Benign Prostatic Hyperplasia (BPH) Treatment
The Barbara and Maurice Deane Prostate Health and Research Center’s expert urologists and support staff are dedicated to evaluating each patient’s specific benign prostatic hyperplasia (BPH) problems and concerns. Using state-of-the-art diagnostic tests, we devise targeted therapies to meet your unique needs and maintain the highest quality of life.
Treatment options for BPH include:
- Active Surveillance (also referred to as watchful waiting)
- Lifestyle changes
- Prescription and non-prescription medications
- Minimally-invasive office-based treatments
- Minimally-invasive surgery
- Traditional open surgery
For many patients with mild symptoms, active surveillance (watchful waiting) with periodic checks to ensure the condition isn’t worsening is an appropriate choice.
Lifestyle changes and herbs
For men with mild symptoms certain lifestyle changes such as limiting or avoiding alcohol and caffeine, limiting fluid intake in the evening, and double-voiding (waiting a few moments after urinating and then urinating again) may help to control symptoms.
Many patients find over-the-counter products like saw palmetto or pygeum extract attractive options as well. However, it should be cautioned that currently more is known about what these products do not do than what they actually do. For example, saw palmetto doesn’t affect PSA levels or prostate size. In addition, relatively few studies demonstrate that saw palmetto works better than placebo in relieving patient complaints. Further scientific studies with larger numbers of patients are needed to determine the effectiveness of complementary products.
Many patients with more bothersome symptoms find that treatment with alpha-blocker medications is helpful in reducing their symptoms. These work mainly by relaxing smooth muscles within the prostate. While these medications do not result in large improvements in objective findings such as flow rate, the majority of patients with mild-moderate symptoms are satisfied with their improvement.
Another class of medications known as 5-alpha reductase inhibitors shrink the prostate and decrease symptoms over the long term. They are best used for prostates that are significantly enlarged as well as for controlling bleeding associated with enlarged prostates. These medications can alter the further progression of BPH, reducing the likelihood of urinary retention and/or the ultimate need for surgery.
Minimally invasive options
The diagnostic evaluation will determine those patients who have serious conditions associated with BPH such as urinary retention or renal damage. These patients will require a medical procedure. Likewise, patients with severe symptoms or those who find no benefit with medical therapy will be candidates for medical procedures.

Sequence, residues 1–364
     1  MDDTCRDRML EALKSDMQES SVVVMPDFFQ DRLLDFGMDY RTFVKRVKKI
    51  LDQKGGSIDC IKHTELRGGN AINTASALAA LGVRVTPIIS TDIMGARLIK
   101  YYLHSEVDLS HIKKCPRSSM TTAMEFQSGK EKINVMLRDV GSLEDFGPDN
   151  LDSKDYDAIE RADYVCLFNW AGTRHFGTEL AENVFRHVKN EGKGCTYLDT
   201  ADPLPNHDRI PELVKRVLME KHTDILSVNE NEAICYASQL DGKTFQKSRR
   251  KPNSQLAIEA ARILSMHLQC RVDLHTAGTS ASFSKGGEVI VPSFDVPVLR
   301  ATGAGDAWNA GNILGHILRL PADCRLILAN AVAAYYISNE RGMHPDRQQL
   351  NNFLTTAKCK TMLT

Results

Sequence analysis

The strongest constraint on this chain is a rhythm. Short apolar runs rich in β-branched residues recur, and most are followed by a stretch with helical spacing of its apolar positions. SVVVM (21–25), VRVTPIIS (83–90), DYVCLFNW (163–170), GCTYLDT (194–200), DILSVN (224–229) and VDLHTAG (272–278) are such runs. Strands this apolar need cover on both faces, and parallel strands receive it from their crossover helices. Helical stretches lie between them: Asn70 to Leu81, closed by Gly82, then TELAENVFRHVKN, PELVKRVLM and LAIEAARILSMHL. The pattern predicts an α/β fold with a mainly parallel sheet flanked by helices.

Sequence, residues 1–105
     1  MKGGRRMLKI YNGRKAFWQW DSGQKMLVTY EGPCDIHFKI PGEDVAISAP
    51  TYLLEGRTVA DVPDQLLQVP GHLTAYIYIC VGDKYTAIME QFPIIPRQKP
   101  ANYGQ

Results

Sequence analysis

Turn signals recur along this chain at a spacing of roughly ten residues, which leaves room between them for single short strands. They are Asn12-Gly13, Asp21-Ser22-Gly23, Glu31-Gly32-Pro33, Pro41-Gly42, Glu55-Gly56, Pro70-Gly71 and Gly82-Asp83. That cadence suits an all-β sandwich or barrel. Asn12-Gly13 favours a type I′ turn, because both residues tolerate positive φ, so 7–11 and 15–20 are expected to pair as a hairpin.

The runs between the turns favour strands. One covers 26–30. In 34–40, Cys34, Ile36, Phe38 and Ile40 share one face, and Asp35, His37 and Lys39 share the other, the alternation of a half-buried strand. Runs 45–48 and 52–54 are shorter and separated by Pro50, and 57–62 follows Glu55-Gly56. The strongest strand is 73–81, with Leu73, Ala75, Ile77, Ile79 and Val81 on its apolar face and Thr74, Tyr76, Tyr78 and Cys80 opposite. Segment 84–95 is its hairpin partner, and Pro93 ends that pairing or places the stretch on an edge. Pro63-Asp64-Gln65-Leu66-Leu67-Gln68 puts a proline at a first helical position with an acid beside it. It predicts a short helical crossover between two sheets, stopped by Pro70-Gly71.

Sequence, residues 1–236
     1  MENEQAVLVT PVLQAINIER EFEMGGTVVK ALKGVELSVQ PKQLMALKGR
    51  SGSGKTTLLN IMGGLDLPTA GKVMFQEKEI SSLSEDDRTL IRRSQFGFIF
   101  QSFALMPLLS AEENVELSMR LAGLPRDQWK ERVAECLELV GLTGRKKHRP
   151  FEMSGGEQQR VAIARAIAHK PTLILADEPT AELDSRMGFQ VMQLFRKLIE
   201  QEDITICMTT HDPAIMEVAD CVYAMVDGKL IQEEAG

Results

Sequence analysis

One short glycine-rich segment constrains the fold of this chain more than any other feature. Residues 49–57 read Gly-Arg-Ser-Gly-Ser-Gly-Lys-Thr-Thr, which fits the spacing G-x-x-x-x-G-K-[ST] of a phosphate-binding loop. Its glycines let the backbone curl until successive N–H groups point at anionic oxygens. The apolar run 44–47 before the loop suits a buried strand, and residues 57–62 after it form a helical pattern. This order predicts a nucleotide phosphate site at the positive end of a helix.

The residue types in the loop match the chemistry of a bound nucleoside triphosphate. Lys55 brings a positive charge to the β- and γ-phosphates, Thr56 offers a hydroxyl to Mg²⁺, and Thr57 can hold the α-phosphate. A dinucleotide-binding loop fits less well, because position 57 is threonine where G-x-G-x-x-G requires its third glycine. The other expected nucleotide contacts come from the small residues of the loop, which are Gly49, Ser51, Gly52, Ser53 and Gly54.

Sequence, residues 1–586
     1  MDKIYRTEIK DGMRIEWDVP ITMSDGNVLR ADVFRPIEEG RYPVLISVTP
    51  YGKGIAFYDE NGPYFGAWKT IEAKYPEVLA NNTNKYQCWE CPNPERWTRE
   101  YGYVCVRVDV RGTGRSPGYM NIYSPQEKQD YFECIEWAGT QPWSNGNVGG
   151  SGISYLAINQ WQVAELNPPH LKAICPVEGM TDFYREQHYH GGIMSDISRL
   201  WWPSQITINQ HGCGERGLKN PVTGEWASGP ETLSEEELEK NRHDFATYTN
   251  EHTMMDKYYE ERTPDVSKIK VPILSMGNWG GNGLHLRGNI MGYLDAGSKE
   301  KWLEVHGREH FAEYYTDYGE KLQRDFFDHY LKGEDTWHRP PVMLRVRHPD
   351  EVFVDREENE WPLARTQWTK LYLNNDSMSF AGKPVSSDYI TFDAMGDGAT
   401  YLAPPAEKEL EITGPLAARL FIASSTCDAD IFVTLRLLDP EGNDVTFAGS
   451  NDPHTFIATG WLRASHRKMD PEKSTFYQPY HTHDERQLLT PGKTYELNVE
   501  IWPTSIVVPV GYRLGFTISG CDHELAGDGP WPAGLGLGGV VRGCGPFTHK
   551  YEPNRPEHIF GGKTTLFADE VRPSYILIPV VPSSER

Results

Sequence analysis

Deane Center physicians have extensive training and experience with minimally invasive options. These procedures can be performed transurethrally where a special endoscope is passed through the penis and the prostate is "shaved" down. A TURP (transurethral resection of the prostate) is a traditional procedure often used for larger prostate glands. The Button TURP (VLAP, or vaporization of the prostate) uses a saline-based therapy to vaporize prostate tissue in a similar manner as TURP but with potentially less bleeding and without the risk of water absorption into the body.
The newest laser procedures, including Greenlight ™ and Holmium lasers, have also improved the safety of TURP by minimizing bleeding and allowing for saline use during the procedure. The choice for each will be determined by the patient’s individual needs. When the prostate is quite small, a pair of incisions may be all that is required to alleviate symptoms without removing any tissue (TUIP or transurethral incision of the prostate).
Minimally invasive office-based treatments
For those patients wanting to avoid surgery, several new minimally invasive options are available, including "microwave" therapy. This is done on an outpatient basis and in a doctor’s office with short-term success rates similar to those of traditional surgery but with fewer side effects. While the long-term success rates may not equal more invasive procedures, many patients will elect to try one of these minimally-invasive alternative procedures before undergoing more invasive ones.
Traditional open surgery
For men with very large prostate glands, open surgery may be required (referred to as a simple retropubic or suprapubic prostatectomy). These surgeries are generally safe and have very high success rates.
We Can Help
If you have questions or would like to schedule an appointment, please call 212-241-4812.